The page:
A strong correlation between the nitrogen-fixation process and the uptake hydrogenase activity has been demonstrated for cyanobacteria (Lambert & Smith, 1981; Houchins, 1984; Wolk et al., 1994; Oxelfelt et al., 1995; Schütz et al., 2004), and this indicates that the main physiological function of the uptake hydrogenase is to reutilize and regain the H2/electrons produced by the H2 evolution through the nitrogenase. This recycling has been suggested to have at least three beneficial functions to the organism: (1) it provides ATP via the oxyhydrogen reaction, minimizing the loss of energy; (2) it removes the oxygen from nitrogenase, thereby protecting it from inactivation; and (3) it supplies reducing equivalents (electrons) to various cell functions (Bothe et al., 1977, 1991; Howarth & Codd, 1985; Weisshaar & Böger, 1985; Smith, 1990).
Physical organization of hup genes and the corresponding proteins
The physical arrangement of the structural genes encoding the uptake hydrogenase is very similar in all the cyanobacteria studied so far: hupS and hupL are contiguous, with the gene encoding the smaller subunit located upstream from the gene encoding the larger one (Carrasco et al., 1995; Oxelfelt et al., 1998; Happe et al., 2000; Lindberg et al., 2000; Oliveira et al., 2004; Leitão et al., 2005) (Fig. 2). Transcriptional start sites have been identified upstream of the hupS start codon (Happe et al., 2000; Lindberg et al., 2000; Oliveira et al., 2004; Leitão et al., 2005), and a putative transcriptional terminator, located immediately downstream of hupL, has been found in N. punctiforme (Lindberg et al., 2000). In agreement, reverse transcriptase (RT)-PCR experiments, and the sizes of transcripts determined by Northern blot, indicate that hupSL constitute a transcriptional unit in Anabaena variabilis ATCC 29413, N. punctiforme and Lyngbya majuscula CCAP 1446/4 (Happe et al., 2000; Lindberg et al., 2000; Leitão et al., 2005). In the unicellular Gloeothece sp. ATCC 27152 and in the filamentous Trichodesmium erythraeum IMS 101 hupW– the gene encoding for the putative uptake hydrogenase-specific endopeptidase – is the ORF located immediately downstream of hupL, and was shown to be cotranscribed with hupSL in Gloeothece sp. ATCC 27152 (Oliveira et al., 2004). In other strains, the position of hupW related to the hupSL varies considerably, and in the strains examined they are transcribed independently (Wünschiers et al., 2003) (Fig. 2).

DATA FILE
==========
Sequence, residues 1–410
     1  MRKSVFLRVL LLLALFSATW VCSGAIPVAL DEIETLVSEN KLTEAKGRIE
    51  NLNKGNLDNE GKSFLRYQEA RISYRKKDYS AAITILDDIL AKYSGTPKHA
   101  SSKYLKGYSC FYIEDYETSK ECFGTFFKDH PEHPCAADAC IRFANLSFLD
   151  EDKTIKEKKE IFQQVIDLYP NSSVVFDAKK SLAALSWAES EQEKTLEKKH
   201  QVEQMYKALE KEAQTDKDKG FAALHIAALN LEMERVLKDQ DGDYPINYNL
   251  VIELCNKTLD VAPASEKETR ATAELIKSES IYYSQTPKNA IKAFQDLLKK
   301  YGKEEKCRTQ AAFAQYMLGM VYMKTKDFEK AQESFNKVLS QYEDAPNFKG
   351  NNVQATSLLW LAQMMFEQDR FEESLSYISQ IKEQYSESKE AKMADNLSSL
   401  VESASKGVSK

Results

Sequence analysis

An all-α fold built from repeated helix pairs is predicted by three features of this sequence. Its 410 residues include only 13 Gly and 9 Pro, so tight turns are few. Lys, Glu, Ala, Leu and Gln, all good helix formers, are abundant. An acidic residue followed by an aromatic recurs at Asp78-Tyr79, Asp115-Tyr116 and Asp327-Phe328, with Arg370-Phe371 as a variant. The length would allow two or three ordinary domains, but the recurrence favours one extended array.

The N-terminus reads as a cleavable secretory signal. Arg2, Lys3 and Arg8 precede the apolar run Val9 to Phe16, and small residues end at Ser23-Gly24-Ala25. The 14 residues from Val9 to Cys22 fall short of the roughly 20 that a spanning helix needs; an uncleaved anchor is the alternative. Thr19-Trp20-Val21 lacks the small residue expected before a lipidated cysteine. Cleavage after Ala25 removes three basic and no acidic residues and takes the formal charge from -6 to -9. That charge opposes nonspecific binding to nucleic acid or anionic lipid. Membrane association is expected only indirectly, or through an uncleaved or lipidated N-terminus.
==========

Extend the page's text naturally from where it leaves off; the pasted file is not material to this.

Analysis of the predicted proteins encoded by the hupSL operon demonstrated that whereas HupS has the same number of amino acid residues in all the cyanobacteria investigated [320 amino acids (aa)], HupL generally has 531 aa with the exception of the filamentous nonheterocystous L. aestuarii CCY 9616 (six extra), L. majuscula (six extra), and T. erythraeum (three extra). To date, the physiological significance (if any) of these extra residues is still unknown.